Taken in the context of a growing evidence base for the positive impacts of delayed school start times, improvements in adolescent sleep during the COVID-19 pandemic may help caregivers, educators and policymakers better understand the importance of aligning school start times with adolescents’ delayed sleep schedules. As teens go back to in-person learning and earlier school schedules, families may benefit from learning more about advocacy efforts to adjust school start times as a method to improve adolescent health.

How Lessons Learned During the Pandemic Could Improve Asthma Control for Children – Chén Kenyon, MD, MSHP

In the first few months of the pandemic, my team published a report showing a dramatic reduction in emergency department (ED) visits for asthma (76% below historical levels!) at Children’s Hospital of Philadelphia (CHOP), a finding that was replicated at several other pediatric centers. That trend continued, and by years end, there were half the number of ED visits at CHOP in 2020 compared with prior years. Factors that may explain these dramatic reductions include heightened precautions among children’s caregivers, such as increased use of preventative medications – at least initially, reduced exposure to outdoor environmental triggers, and lower burden of other circulating respiratory viruses.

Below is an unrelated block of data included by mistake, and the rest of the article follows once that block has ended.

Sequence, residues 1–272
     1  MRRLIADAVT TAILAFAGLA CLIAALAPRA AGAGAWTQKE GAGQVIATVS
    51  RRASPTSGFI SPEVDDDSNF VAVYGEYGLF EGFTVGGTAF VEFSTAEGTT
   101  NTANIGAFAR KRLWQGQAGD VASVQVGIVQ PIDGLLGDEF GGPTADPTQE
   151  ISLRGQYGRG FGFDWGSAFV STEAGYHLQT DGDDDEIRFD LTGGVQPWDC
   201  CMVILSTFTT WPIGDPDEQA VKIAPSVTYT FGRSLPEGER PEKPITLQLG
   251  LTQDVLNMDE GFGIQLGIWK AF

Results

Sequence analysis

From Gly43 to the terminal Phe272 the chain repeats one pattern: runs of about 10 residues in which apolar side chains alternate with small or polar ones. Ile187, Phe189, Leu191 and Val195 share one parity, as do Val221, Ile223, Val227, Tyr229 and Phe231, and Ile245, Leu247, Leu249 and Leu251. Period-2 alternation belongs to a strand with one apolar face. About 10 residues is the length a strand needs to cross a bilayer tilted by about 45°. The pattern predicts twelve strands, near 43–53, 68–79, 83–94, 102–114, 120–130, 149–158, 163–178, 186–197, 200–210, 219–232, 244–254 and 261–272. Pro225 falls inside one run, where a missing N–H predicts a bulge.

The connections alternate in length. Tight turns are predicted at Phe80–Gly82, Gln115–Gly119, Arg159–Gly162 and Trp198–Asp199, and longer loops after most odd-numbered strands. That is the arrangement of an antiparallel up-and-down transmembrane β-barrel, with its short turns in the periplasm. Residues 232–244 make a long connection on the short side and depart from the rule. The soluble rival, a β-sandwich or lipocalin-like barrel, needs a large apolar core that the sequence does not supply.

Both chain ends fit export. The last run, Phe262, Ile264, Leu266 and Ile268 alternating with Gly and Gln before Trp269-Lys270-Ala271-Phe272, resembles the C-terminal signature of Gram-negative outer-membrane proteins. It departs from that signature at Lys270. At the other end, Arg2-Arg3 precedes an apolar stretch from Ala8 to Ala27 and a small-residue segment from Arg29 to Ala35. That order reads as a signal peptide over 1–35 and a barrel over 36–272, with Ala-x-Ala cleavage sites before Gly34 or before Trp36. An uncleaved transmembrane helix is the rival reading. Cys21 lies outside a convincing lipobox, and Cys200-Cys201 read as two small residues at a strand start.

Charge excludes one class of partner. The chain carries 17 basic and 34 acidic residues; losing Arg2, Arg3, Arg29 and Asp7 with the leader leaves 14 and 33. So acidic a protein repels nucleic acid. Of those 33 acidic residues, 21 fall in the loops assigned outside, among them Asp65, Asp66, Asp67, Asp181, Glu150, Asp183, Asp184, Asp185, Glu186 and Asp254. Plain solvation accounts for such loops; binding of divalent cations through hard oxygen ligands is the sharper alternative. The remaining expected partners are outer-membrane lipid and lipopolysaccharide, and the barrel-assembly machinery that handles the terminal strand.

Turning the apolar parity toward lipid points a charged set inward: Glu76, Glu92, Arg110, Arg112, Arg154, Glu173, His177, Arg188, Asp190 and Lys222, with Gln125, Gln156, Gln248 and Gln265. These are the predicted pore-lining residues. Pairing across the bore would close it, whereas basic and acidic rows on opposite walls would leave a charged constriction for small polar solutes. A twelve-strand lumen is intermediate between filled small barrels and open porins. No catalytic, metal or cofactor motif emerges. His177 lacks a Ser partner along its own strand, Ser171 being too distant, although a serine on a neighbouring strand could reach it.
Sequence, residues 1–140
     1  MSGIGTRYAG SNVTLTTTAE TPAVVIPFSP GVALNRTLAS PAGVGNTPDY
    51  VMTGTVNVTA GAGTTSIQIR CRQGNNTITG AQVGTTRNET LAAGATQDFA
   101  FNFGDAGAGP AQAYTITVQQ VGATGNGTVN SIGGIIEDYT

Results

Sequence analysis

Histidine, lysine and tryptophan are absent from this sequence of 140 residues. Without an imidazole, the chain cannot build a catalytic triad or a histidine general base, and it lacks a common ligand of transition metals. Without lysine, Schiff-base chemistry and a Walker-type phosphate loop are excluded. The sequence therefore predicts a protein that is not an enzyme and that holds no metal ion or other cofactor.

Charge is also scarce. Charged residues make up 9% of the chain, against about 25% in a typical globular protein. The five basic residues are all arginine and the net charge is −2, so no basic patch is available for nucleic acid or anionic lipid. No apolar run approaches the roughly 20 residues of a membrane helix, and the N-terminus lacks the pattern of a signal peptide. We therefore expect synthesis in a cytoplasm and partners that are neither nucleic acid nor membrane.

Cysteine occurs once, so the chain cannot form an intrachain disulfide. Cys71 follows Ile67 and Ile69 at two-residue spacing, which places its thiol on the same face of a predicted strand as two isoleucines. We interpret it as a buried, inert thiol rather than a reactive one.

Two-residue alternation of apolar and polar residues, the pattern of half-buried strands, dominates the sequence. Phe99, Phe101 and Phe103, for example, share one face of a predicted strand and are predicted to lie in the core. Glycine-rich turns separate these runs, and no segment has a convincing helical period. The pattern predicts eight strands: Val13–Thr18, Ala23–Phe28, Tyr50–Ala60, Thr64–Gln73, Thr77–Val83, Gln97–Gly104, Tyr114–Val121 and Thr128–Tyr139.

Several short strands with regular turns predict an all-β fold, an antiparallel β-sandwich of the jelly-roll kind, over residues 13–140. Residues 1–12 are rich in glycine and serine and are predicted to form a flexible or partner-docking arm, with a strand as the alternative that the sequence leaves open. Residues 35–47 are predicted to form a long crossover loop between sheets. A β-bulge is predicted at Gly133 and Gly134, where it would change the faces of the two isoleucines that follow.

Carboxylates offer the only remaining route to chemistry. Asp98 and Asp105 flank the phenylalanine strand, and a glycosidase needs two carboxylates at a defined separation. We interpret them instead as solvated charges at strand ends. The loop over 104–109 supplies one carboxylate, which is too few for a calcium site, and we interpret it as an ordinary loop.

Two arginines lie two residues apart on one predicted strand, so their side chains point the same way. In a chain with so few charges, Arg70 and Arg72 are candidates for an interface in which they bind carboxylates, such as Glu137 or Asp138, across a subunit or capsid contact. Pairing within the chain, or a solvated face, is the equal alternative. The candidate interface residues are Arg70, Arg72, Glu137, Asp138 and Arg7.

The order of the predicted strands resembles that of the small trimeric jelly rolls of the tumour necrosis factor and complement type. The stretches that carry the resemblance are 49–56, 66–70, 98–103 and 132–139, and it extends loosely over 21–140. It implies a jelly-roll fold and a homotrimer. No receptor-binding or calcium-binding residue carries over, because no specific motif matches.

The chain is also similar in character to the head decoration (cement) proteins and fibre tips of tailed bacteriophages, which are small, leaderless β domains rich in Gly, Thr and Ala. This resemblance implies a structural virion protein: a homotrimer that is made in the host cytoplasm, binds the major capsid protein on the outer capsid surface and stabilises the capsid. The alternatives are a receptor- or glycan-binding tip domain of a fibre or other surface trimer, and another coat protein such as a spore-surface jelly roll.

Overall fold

Consensus is converging on the last reason, lack of other circulating respiratory viruses, as the main cause of these historically low rates. Given the effectiveness of mask-wearing in preventing transmission of respiratory viruses, children with asthma who wear masks properly in school this year should have continued protection against viral infections and exacerbations. And importantly, our research has also shown that asthma is associated with a lower risk of hospitalization when children acquire COVID-19. Other studies have demonstrated similar findings, suggesting that children with asthma may actually be protected against severe disease if they acquire COVID-19, which could help ease some caregivers anxiety about sending children with asthma back to school in person. Based on what we know, we certainly recommend this!